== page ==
Wednesday 21 March 2018

Thomson's Coffee Roasters - The Arches

Argyle Street Arches
253 Argyle St
Glasgow G2 8DL
Open every day
Espresso, batch brew, nitro
Coffee: Thomson's
Also: Meals, cakes, alcohol
Coolness: Roastery, café, bakery and training centre - in a great historic setting

Thomson's Coffee Roasters is proud of its heritage. So much so, that 'Est 1841' is part of their logo and their history still plays out in their 'legacy' coffee roasts, alongside their more modern range.

Critical to Thomson's survival for nearly 180 years is their focus on their customers and their willingness and capability to change as their customers' tastes and desires change. That's wholesale customers to whom they supply large quantities of beans, and retail customers of all sorts who want coffee for home, from 18 to 80+ years old.

Installing themselves in a major way within the redeveloping Argyle Street Arches (5♥) is another move by Thomson's to not just stay with modern coffee drinkers' needs and wants, but to provide more than most realise they want yet.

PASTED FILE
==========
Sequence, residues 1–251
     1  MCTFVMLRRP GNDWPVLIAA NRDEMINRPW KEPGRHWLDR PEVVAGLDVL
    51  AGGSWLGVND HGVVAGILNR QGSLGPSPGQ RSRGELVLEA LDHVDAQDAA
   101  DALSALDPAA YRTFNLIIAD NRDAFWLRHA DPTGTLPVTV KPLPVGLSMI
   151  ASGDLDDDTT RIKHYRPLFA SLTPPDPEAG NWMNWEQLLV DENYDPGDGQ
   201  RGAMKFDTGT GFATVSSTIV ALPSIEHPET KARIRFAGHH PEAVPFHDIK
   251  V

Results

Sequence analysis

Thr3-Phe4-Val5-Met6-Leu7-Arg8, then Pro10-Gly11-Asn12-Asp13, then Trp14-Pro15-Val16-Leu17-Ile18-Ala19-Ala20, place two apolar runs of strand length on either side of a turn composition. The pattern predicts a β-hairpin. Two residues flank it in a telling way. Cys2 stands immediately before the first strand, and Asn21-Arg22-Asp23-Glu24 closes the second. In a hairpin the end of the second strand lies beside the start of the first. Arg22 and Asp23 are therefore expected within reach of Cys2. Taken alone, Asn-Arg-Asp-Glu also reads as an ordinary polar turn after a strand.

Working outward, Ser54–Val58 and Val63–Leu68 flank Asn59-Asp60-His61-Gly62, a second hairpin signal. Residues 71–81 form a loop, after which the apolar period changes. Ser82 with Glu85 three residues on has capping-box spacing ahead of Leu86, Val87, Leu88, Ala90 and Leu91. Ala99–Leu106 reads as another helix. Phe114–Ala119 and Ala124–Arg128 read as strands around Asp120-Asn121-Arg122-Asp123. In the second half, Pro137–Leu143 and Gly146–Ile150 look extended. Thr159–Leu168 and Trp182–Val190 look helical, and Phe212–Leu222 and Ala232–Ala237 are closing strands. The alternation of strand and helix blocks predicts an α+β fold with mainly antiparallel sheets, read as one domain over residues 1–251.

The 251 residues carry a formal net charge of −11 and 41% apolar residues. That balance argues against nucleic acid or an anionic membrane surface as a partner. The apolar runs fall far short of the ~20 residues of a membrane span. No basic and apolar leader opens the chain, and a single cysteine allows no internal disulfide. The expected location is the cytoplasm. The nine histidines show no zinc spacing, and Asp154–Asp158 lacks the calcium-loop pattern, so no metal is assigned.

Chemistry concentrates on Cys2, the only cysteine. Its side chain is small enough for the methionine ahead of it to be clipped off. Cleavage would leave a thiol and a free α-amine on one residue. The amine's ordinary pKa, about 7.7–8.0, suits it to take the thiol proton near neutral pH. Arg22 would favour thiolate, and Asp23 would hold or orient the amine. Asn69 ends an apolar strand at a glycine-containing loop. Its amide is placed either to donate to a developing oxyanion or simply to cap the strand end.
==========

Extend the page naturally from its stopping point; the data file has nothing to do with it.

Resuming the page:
It's a roastery, cafe that seats around 60 people, stone-baked pizzeria and training centre for wholesale and consumer coffee lovers, and all set within one of the Argyle Street Arches right by Glasgow Central Station. An arch that is cavernous, beautiful, evocative of Glasgow's industrial leadership, stylish and welcoming.

Further proof of intentionally balancing heritage, community and innovation, The Arches also hosts Platform - a weekly street food market open on Fridays, Saturdays and Sundays. A wide range of independent vendors set up each weekend and sell tasty portions, from Japanese octopus to vegan sausages, to shrimp burgers and creme brulee - alongside craft beers and other drinks.

A few things help us like Thomson's approach to coffee.

One is that they love dogs, which may be irrelevant to some readers, but the other is their inclusive approach. Having chatted with Managing Director Russell Jenkins at last year's Edinburgh Coffee Festival, I like that they continue to flame-roast darker coffees for some of their established customers because those customers are valued.While Thomson's is also experimenting with newer coffees (their 'lab') and providing single origin coffees with lighter roasting styles, replacing the flame thrower with a Loring Smart Roaster for their 'new standard' range, designed for specialty coffee palettes.

Roasters who were established in the 1800s face a bit of an identity challenge if they seek to reinvent themselves for today's specialty coffee lovers. Thomson's is doing a grand job of it.


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